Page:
The Day We Got Our First Customer at LawTrades.

Since LawTrades is a marketplace, one of the first things we had to do to make LawTrades work was find lawyers to build the supply on the platform. Only once we had lawyers could we ask clients to use the service.

So it’s a Tuesday in January, and it’s freezing. Our prototype was up and we needed to find some lawyers that would be willing to use it as a mechanism for growing their law practice. Luckily, we had a signup list of lawyers that were interested in using it so @r44d and I wanted to meet these initial users face to face to teach them how to use it and to charge them.

We met our first potential customer in Brooklyn. After nearly showing up an hour late because of parking we finally walked her through the platform and how to use it and after much convincing, she finally decided to give us a try. The bad part was that we had to give her an insane discount and by the time we got back to our car, we noticed there were three parking tickets on our car. So our first customer ended up costing us way more then what we actually charged her.

No sweat, we had one more meeting with a lawyer across NYC and we drove from Brooklyn to meet a prominent employment attorney in Queens because he was interested in learning more. We get there at 2pm and the plan was to meet him at a coffee shop. He calls us and tries to bail and reschedule, it was a terrible feeling. Somehow we convinced him that we can wait for him until he gets out of work. So 8pm rolls around and he finally calls us back and says he’s ready to meet. We literally waited 6 hours to meet him and instead of coming to the coffee shop, he asked us to meet him at a bar. We thought we were doomed, how could we close a sale at a bar? There was no way we could walk him through the platform at a bar, we thought. As we’re walking we there, we think of bailing because it didn’t seem very promising, and honestly, we were just frustrated. This is not what we had in mind.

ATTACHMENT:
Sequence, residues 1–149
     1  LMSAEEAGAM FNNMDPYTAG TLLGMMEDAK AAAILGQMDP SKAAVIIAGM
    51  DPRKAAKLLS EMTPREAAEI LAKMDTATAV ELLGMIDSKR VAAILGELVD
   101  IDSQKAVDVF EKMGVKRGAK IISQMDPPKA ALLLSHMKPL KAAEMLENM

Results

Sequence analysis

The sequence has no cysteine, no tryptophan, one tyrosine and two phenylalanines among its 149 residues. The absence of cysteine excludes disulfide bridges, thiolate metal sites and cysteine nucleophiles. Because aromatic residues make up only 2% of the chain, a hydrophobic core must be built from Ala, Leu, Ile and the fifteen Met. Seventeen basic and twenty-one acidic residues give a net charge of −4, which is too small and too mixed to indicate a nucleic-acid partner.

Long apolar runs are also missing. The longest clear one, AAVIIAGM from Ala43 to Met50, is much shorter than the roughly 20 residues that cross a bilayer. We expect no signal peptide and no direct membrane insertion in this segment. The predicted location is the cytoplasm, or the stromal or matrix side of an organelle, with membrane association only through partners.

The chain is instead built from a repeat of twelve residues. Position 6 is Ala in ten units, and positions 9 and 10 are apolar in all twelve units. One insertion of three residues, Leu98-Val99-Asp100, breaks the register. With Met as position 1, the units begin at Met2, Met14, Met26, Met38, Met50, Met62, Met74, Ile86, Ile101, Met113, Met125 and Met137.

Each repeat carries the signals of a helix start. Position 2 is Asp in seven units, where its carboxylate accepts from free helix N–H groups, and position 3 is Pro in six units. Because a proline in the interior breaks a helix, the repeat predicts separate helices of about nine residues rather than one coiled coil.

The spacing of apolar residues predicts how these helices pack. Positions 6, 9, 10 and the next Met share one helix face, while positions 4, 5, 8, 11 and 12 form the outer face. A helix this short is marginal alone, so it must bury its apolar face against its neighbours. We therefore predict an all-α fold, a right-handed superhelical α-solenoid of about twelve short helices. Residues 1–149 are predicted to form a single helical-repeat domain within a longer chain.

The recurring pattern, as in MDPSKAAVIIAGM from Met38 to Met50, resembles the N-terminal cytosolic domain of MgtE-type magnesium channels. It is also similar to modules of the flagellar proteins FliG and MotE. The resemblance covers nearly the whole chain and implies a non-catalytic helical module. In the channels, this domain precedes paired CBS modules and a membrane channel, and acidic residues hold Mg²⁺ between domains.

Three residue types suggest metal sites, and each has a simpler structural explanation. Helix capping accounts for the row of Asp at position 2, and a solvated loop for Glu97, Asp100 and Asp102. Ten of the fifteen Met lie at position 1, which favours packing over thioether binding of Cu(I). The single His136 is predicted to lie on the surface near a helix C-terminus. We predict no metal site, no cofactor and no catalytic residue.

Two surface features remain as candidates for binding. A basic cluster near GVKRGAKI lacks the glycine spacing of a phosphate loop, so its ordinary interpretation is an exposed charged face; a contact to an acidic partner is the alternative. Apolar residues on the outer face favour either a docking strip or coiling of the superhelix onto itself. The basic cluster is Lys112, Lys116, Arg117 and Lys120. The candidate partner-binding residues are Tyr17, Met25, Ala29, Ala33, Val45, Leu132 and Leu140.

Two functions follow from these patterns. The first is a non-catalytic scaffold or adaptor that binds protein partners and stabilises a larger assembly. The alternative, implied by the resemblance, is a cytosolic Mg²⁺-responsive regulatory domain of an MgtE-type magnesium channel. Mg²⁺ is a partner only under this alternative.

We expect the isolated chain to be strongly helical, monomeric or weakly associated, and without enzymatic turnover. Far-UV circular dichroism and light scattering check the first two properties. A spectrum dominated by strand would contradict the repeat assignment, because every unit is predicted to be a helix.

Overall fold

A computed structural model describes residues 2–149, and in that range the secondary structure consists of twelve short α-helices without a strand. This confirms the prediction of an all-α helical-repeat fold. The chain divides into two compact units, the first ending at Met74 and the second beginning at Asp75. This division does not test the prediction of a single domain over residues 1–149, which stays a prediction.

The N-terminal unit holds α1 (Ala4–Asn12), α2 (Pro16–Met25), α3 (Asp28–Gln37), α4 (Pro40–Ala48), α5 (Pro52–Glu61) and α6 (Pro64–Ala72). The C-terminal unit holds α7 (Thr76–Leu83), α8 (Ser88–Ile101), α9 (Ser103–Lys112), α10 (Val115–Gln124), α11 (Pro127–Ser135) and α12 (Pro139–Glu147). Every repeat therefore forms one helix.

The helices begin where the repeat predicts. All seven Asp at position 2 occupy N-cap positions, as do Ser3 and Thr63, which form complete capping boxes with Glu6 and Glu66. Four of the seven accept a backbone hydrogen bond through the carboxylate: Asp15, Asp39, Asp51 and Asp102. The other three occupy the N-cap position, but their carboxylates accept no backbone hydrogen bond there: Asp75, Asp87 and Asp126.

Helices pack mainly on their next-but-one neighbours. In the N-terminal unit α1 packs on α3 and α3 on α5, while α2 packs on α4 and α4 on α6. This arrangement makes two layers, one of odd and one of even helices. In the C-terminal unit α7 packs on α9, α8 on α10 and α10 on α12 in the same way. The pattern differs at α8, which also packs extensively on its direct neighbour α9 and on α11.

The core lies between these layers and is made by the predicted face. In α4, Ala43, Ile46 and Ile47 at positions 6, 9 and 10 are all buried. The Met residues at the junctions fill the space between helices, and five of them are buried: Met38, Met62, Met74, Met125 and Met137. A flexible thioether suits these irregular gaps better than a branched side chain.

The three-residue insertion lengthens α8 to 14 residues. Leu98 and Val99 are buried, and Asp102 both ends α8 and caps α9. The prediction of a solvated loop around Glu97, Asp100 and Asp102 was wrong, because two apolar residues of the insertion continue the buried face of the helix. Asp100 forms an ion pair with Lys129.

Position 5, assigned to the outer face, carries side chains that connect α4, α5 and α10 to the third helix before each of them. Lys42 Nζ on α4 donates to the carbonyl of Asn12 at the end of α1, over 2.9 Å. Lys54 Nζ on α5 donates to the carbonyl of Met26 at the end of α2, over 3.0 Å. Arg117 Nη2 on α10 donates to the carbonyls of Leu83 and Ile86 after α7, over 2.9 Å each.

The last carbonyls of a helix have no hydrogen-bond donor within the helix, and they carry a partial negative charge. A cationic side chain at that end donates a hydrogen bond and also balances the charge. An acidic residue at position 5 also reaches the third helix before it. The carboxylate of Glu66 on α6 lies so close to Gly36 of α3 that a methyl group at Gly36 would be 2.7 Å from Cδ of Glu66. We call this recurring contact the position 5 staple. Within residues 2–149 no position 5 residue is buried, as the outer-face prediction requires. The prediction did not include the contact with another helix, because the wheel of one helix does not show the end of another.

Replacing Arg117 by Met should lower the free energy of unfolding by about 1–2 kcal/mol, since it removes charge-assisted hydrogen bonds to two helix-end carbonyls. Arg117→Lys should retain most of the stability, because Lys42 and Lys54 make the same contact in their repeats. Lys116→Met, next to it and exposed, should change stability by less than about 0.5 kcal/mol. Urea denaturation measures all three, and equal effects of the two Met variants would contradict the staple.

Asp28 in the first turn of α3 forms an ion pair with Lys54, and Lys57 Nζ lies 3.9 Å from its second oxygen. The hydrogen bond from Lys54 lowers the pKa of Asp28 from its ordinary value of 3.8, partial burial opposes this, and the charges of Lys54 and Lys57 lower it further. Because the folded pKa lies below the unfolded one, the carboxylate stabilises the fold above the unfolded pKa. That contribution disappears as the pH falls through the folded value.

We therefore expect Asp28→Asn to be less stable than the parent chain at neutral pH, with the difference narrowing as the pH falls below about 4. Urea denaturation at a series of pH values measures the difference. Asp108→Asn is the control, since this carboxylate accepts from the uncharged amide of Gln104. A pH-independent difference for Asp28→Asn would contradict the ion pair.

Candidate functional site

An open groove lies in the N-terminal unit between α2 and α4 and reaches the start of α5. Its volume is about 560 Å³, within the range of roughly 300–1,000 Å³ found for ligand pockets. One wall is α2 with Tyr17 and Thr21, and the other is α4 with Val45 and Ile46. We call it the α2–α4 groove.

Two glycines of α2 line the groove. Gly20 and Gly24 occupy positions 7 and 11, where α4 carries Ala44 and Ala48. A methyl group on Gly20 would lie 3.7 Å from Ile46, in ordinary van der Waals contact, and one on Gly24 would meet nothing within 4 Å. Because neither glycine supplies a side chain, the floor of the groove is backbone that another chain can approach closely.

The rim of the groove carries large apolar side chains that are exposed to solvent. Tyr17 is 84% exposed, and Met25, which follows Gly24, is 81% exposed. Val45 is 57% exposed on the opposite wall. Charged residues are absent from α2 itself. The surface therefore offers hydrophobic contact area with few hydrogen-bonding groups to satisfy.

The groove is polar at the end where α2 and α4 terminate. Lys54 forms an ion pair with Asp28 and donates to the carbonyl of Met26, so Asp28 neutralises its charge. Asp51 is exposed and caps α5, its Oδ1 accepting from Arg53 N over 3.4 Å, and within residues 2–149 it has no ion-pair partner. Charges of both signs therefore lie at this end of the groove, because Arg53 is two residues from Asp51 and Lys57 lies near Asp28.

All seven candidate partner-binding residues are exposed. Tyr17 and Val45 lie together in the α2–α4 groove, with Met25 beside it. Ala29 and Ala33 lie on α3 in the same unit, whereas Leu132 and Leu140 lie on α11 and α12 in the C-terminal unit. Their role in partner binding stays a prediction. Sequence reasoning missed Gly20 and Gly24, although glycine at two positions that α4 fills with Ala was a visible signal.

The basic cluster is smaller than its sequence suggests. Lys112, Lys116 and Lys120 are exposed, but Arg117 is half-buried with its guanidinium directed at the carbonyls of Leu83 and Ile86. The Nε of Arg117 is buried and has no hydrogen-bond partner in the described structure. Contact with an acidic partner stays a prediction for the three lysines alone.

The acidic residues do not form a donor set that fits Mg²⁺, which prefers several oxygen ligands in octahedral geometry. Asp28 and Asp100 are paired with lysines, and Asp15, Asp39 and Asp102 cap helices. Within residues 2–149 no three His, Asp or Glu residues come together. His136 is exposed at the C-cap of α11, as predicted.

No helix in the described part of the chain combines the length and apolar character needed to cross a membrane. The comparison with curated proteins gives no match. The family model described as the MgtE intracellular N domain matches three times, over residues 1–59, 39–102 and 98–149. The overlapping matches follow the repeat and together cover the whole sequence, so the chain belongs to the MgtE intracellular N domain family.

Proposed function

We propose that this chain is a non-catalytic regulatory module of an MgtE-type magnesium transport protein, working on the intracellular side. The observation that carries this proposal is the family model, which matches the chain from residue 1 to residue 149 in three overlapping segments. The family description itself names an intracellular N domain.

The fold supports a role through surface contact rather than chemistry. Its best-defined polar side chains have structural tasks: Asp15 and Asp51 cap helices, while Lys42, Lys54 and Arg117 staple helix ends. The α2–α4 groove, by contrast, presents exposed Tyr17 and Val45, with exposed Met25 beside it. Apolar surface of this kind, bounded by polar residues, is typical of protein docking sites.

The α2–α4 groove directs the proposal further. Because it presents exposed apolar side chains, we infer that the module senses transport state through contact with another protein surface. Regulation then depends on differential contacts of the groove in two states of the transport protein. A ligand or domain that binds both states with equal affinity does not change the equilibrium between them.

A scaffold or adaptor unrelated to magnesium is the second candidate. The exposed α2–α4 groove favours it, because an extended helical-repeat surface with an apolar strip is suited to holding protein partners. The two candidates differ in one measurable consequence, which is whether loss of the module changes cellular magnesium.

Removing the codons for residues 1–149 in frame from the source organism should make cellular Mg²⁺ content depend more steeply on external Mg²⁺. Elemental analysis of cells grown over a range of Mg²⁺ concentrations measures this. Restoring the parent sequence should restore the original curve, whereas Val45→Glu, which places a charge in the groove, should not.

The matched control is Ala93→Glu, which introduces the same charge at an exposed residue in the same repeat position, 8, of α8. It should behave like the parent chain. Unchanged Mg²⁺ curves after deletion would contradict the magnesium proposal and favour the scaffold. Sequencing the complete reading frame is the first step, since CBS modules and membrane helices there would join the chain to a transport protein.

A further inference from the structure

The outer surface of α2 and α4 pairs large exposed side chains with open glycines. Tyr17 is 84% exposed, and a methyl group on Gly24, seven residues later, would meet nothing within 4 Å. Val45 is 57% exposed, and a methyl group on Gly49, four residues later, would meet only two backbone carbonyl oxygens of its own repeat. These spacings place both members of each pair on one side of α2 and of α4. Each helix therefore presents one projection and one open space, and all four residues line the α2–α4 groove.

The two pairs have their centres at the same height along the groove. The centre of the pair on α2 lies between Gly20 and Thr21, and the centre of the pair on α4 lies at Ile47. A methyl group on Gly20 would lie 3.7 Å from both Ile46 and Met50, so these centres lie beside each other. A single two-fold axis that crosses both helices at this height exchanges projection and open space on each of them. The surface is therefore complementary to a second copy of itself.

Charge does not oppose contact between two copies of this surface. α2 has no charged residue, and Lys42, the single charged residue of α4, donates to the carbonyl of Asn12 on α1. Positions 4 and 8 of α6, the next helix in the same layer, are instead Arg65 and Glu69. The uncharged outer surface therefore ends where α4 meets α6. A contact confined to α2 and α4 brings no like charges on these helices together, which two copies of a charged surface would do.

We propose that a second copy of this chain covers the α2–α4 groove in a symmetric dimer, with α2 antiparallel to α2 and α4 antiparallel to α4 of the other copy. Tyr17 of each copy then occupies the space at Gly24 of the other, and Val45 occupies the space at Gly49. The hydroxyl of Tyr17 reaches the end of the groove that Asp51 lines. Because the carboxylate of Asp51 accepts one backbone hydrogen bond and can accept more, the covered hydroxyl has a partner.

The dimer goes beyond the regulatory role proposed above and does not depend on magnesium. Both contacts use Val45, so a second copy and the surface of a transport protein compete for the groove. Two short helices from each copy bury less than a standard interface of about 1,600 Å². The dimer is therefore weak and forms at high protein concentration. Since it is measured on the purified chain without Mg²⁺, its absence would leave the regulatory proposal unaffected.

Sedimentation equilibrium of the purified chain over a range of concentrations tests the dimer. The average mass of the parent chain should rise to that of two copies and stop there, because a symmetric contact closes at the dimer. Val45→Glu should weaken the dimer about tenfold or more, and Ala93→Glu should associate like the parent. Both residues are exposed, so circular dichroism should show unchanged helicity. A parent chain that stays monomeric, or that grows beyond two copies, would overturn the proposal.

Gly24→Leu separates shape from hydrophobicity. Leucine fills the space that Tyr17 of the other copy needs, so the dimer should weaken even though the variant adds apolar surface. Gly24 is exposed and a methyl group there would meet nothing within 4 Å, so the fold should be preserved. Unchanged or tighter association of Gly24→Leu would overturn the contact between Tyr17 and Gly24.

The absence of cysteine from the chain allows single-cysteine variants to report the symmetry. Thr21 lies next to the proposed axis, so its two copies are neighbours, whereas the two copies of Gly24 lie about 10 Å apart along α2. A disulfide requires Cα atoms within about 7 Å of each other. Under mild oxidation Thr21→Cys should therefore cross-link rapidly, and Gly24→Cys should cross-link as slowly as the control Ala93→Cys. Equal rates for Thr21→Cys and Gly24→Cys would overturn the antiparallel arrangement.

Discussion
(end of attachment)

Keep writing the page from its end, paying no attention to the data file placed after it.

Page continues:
We meet him at the bar and after showing him screenshots of LawTrades, he seemed very interested but he gave us one of the “Leave me your business card and I’ll sign up eventually.” This is not what we wanted to hear but nonetheless, maybe he would sign up eventually. After Raad and I were hinting that we had to leave and get back home, he asked us to stick around for one more beer. He enjoyed talking to us so he asked us to stay, Raad and I decided to stick around. We felt bad, we didn’t want to leave him alone.

After having stuck around, we connected with him even more and he decided to just sign up right on the spot! Thank God we brought our Square reader with us. He became our first fully paid customer and we felt like rockstars. It was probably the best damn beer we ever tasted after getting that sale. As we were driving home we realized there was no turning back and since then we’ve been fortunate to expand our lawyer base into different states.

The takeaways? I guess the first one is to always spend the extra 20 minutes with the potential customer, it’s totally worth it. The second is to grind, even if it means you have to wait six hours for a customer. When Cyrus Massaoumi started ZocDoc, he would do the same thing and wait for doctors to get finished with work, even if it meant that he had to wait hours! The third lesson is to never turn down the second beer.

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If you need some legal help for your startup or small business, feel free to check us out at LawTrades.